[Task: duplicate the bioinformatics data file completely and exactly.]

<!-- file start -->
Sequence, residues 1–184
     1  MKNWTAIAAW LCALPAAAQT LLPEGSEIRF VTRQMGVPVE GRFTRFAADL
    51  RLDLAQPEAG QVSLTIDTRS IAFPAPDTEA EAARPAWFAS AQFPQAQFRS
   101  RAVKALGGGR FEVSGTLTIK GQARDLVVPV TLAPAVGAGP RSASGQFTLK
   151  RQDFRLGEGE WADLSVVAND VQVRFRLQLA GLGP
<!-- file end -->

Sequence, residues 1–184
     1  MKNWTAIAAW LCALPAAAQT LLPEGSEIRF VTRQMGVPVE GRFTRFAADL
    51  RLDLAQPEAG QVSLTIDTRS IAFPAPDTEA EAARPAWFAS AQFPQAQFRS
   101  RAVKALGGGR FEVSGTLTIK GQARDLVVPV TLAPAVGAGP RSASGQFTLK
   151  RQDFRLGEGE WADLSVVAND VQVRFRLQLA GLGP